Children. They grew up in a 1:1:1 Sandy soil: peat moss: aerobic compost. Mixed with bonemeal, ash, bokashi, lime, and gypsum. FYI there's two vertigo autos, two widow autos (flowering hard), and 2 bagseed from some broad's ash tray. Super indica fucks. Iv been giving them the complex tea in my previous post. And lastly I spray eme and molasses diluted about 1:100 weekly(ish). Probiotic cannabis.
     

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  6.  
    iHearAll

    iHearAll Well-Known Member

    Here I transplanted some seed from femenized seed co. The genetics could be anything from the indoor mix they offer (easy kush, super cheese, super iced grapefruit, double berry, critical). I started her indoors a month or so ago. Now that summer has hit I'm giving her more room to veg into this nifty air pot and then plant her in the ground later to flower. Instead of using peat moss as my source of fluffy carbon to retain water I used some composted mulched trees. Because tree mulch is slow to compost due to hard fibers and a lack of nitrogen it is up to the worms to eat and poop what they can. This is screened with the device shown below. Eastern agriculture based societies such as the phillippines, where I trained in sustainable organics, use these screens frequently for various purposes. They can be hung from large trees or a swing set type of horse. For my small scale and infrequent uses I can just man handle it. I actually did the transplant earlier today and used the screened compost I did last week. However, I saw this may be interesting information to people into sustainable agriculture or just organic cannabis.
     

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  7.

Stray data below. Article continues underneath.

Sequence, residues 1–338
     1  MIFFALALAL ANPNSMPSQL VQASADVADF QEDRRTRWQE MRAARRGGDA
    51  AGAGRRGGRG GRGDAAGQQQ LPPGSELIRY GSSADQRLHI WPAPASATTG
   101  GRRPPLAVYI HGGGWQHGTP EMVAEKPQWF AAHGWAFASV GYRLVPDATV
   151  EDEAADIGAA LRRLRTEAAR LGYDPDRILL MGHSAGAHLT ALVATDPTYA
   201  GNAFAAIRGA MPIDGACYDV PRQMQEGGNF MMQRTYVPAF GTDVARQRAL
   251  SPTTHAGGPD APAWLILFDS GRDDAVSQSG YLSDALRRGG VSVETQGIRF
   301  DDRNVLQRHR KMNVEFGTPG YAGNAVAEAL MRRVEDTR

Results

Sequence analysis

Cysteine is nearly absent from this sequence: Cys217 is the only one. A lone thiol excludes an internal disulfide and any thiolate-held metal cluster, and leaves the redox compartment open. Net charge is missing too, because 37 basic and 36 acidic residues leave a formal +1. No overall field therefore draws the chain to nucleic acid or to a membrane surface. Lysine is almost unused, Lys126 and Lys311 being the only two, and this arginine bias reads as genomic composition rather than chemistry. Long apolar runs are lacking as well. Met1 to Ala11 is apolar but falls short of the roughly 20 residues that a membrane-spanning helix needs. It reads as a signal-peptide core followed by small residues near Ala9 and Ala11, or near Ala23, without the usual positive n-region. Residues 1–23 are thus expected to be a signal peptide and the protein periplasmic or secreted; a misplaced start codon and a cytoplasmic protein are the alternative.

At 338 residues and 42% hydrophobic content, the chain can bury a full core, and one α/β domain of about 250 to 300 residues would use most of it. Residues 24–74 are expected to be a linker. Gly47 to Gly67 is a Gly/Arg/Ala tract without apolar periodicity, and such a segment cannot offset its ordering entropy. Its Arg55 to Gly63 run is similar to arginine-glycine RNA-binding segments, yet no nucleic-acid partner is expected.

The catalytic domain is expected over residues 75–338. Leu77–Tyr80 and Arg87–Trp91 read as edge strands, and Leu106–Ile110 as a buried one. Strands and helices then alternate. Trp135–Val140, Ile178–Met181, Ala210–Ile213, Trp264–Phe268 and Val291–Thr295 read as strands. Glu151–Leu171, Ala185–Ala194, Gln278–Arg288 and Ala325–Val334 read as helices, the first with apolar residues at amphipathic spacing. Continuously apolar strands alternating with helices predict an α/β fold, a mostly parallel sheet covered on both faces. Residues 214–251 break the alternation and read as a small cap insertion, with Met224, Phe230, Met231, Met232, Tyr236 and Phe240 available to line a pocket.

iHearAll

    iHearAll Well-Known Member

    Cheers
     

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    CaptainCAVEMAN likes this.
  8.  
    Fogdog

    Fogdog Well-Known Member

    subbed Great idea for a thread.
     
    iHearAll likes this.
  9.  
    Sunny Organics

    Sunny Organics Well-Known Member

    wow very cool man, i like your place btw. i would like to live in the woods/mountains some time lol. i need to get my hands on one of those screens to sift my castings.
     
  10.  
    iHearAll

    iHearAll Well-Known Member

    I built it. The key to getting the screen to stay attached is to use washers. The handles are shovel handles. But you could very easily use some branches from a hardwood if that's available to you. Home depot carries all the parts required. Also, thank you! Oh, and what kind of worms are you using. IV found that the African night crawler poops on the surface which make it easy to harvest the castings. Simply scrape the top.
     
    Andrew2112 and Sunny Organics like this.
  11.  
    Darth Vapour

    Darth Vapour Well-Known Member

    40 percent compost my own / 40 percent top soil 10 percent fresh grass clippings , 5 percent cardoard, 5 percent live worms water only with top dressing fresh grass clippings Water only IMG1690.jpg IMG1691.jpg IMG1692.jpg IMG1827.jpg
    clones planted May 24- 26th and what they look like as of today
     
  12.  
    Sunny Organics

    Sunny Organics Well-Known Member

  13.